News & Stories
April 24, 2019

StoryCorps Initiative Sparks Conversations at Berry

ROME, Ga. – Berry College recently hosted StoryCorps’ latest initiative, “One Small Step,” a push to bridge the political divide by having individuals with opposing viewpoints have a conversation.

The process starts with two students with different perspectives taking a seat across from each other. Then, with the help of a facilitator, they have a conversation. The goal is to share about life experiences that influence one’s beliefs in order to break down barriers, not to have a debate. The central theme of the project is to remember our common humanity.

“The week has been fascinating here,” said Morgan Feigal-Stickles, StoryCorps facilitator. “It’s been really interesting to see the students who have come in and their willingness to talk and share about their experiences, and to try to connect.”

StoryCorps’ founder Dave Isay spoke at Berry in the fall about his book, “Callings: The Purpose and Passion of Work.” Following his visit, the award-winning media non-profit selected Berry to participate in “One Small Step.”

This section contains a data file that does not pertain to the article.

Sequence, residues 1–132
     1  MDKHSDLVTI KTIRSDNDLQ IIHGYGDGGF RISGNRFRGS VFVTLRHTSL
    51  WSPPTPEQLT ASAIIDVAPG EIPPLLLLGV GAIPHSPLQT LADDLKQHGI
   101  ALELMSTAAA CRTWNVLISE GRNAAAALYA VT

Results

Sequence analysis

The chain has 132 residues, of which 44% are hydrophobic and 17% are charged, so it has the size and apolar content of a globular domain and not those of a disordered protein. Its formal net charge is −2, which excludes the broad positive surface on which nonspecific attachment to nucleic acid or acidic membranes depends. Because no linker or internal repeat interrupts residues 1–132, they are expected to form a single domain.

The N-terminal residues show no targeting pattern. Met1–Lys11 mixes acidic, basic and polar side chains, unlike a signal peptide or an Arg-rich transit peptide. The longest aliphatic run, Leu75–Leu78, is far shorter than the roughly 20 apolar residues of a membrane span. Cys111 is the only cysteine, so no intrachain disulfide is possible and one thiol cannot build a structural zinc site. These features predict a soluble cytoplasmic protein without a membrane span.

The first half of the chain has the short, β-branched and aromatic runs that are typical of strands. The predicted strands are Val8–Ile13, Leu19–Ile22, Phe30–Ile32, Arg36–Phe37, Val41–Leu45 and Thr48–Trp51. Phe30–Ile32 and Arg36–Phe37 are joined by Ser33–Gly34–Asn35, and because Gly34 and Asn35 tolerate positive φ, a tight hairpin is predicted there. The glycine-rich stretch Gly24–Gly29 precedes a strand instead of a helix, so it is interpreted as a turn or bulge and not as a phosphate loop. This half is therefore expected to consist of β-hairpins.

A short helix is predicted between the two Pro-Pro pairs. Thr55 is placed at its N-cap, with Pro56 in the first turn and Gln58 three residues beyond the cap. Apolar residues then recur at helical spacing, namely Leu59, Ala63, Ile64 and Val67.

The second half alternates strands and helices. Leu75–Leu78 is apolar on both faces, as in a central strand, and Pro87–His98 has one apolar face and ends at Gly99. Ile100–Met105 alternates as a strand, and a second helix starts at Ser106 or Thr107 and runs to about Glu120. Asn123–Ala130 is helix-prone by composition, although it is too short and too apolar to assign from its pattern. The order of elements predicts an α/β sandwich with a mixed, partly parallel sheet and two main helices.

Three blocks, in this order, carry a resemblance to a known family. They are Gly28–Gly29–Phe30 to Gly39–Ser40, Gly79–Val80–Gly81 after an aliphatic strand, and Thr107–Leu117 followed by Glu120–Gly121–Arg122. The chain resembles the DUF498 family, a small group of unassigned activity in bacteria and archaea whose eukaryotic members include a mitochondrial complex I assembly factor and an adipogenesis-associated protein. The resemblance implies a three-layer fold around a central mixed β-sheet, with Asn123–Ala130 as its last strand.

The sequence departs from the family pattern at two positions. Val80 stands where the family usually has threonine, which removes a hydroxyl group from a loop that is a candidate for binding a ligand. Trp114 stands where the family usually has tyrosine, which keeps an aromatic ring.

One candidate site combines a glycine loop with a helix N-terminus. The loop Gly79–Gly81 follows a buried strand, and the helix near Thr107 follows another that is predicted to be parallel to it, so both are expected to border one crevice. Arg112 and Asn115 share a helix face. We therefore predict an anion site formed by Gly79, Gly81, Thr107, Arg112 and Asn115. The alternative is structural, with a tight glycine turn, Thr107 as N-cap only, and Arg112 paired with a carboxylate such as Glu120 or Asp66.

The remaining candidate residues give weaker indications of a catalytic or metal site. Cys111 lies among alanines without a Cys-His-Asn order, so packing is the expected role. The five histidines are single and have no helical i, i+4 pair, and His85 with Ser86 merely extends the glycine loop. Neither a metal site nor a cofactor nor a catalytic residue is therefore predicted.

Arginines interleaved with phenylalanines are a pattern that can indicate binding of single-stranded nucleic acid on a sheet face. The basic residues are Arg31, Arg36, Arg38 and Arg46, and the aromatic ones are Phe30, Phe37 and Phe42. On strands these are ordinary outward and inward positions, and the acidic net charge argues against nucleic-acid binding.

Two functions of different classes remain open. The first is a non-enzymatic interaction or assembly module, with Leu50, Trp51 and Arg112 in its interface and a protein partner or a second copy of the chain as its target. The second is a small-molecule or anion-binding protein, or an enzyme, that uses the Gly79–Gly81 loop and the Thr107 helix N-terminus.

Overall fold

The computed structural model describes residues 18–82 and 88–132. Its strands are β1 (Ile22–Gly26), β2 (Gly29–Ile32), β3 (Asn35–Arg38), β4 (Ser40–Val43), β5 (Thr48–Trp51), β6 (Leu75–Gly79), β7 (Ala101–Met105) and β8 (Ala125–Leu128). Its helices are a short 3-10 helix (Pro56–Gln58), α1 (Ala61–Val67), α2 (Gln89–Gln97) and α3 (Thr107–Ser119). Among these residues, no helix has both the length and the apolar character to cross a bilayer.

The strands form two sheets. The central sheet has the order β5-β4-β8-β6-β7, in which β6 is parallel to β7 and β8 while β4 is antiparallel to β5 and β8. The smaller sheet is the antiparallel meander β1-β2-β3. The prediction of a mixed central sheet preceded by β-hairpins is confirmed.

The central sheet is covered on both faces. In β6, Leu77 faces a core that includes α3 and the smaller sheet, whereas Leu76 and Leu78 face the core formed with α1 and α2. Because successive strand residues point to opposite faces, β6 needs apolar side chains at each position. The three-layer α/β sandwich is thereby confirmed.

In the past, StoryCorps has brought two people together who love and care for one another. Many conversations about life have been recorded and listeners get a glimpse of their relationship. This new kind of interview between two people that have rival political views was started in response to the national discord. The hope for this initiative is that people get to know one another and take one small step toward each other.

“I believe these conversations are so important because nothing will ever change or communication will never improve if we do not have these hard conversations,” said Bailey Dingley, a junior from Woodstock, Ga. “And even if they are scary or uncomfortable, we will never truly be expanding our knowledge if we don’t listen to others’ experiences.”

Around 40 students participated in the interviews over the course of the week. The conversations were recorded and will be kept as part of a historical record for generations to come.

Berry is honored to have been chosen for this project, which is funded by a $1 million grant from the Rockefeller Foundation. More info can be found here


Public Relations Student Assistant Megan Benoit

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